Hurricane Irene appears to be on her way to our area.

The latest postings by the National Hurricane Center points to a direct hit in the Chesapeake Bay area at about 2 a.m. Sunday.

Mark Nalesnik, director of the Carbon County Emergency Management Agency, said there are conference calls with state and federal officials scheduled later today.

The latest information he has indicates we could have winds of 40-60 miles per hour with several inches of rain.

Of the wind, he said the area is used to dealing with these conditions.

"Anything over 60 miles per hour concerns me," he said.

The National Weather Service stated this morning, "Everyone should be preparing for this large storm as now is the time. Have a plan in place. Listen to local officials regarding any evacuations and keep updated on the weather forecasts."

The Weather Service added that the exact track of the hurricane still isn't defined this morning. There is potential it could weave a little west from the present track, which would bring heavier rains and even the threat of tornadoes. On the other hand, a weave to the east of the present track could mean winds would be less than 60 miles per hour, although heavy rain is still likely.

Several local fire departments, including Summit Hill, met last night for training sessions to discuss handling the storm if Irene does cause problems.

Carbon County Commissioner Wayne Nothstein, who is active in the Lehighton Fire Department where he is a former fire chief, said his biggest concern is localized flooding.

Nothstein said it's rare we have earthquakes or hurricanes but it does happen. He stressed emergency preparedness.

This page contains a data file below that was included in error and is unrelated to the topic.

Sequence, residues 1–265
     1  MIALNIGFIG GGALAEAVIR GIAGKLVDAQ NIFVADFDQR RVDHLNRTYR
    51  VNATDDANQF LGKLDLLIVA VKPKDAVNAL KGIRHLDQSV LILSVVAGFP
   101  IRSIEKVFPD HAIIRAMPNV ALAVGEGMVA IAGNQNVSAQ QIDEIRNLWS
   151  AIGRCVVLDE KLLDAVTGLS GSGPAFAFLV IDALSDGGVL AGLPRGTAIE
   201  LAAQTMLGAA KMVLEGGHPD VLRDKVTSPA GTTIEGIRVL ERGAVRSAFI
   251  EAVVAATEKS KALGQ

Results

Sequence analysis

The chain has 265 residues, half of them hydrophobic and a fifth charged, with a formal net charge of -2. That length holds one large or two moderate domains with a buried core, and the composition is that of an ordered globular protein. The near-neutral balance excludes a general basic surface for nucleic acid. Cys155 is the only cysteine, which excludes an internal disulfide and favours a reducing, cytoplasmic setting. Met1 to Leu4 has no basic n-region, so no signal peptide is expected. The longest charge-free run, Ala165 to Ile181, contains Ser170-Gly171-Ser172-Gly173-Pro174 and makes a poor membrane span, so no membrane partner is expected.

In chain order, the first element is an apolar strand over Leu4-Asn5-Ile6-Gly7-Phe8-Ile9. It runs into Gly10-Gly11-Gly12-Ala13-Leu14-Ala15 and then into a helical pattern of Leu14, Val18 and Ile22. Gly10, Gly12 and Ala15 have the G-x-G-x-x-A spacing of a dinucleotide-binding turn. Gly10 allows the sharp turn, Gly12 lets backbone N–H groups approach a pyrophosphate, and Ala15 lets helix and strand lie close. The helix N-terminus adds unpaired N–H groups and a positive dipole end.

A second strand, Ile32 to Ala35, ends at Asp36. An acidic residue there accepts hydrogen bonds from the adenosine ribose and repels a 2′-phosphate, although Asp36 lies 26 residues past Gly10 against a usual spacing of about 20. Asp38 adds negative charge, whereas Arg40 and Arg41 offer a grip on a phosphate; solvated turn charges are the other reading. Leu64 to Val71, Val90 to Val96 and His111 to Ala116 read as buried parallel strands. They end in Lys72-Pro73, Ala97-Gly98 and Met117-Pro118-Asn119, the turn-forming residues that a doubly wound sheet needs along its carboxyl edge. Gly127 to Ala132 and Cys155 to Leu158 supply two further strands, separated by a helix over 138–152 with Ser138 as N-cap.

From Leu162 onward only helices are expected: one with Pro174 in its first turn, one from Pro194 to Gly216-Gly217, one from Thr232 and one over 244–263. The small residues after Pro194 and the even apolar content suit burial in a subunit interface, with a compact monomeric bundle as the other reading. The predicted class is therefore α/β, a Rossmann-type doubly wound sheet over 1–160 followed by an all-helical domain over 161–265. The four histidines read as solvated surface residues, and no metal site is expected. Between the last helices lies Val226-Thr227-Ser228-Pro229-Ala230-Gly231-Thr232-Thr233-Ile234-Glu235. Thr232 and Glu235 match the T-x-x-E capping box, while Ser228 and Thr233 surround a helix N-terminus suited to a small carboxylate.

He suggested that if you have a police scanner, listen to it to keep posted on developments. He said police and fire calls can be monitored.

"Now is the time to check your sump pumps, make sure your drains are open, etc., storm drains too because if not it could create problems," he added.

He also stressed that with the possibility of high winds, make sure porch furniture is secure and that loose items can't become missiles propelled by the wind.

Officials urge that you bring your pets indoors. Yards often become flooded and could be tragic to animals forced to stay outdoors.

Nalesnik said he has activated the county Emergency Operational Center.

He said he has contacted all 23 municipalities in the county and has instructed them to activate their EOC. Every town is required to have an EOC and an emergency management coordinator, said Nalesnik.

Coaldale Police Chief Tim Delaney said that the borough plans to shut down East Phillips Street, from East Street to Lansford's Bertsch Street, on Saturday evening. The stretch is known locally as the "pool road." The road will most likely stay closed all day Sunday.

"If we catch anybody driving on the sidewalk, they will be arrested," Delaney said.

Closing the road, which typically floods, will save police and firefighters time as they deal with other flooding problems expected to stem from Hurricane Irene.

Irene is expected to be through the area by Sunday night, with additional rain projected through next Wednesday.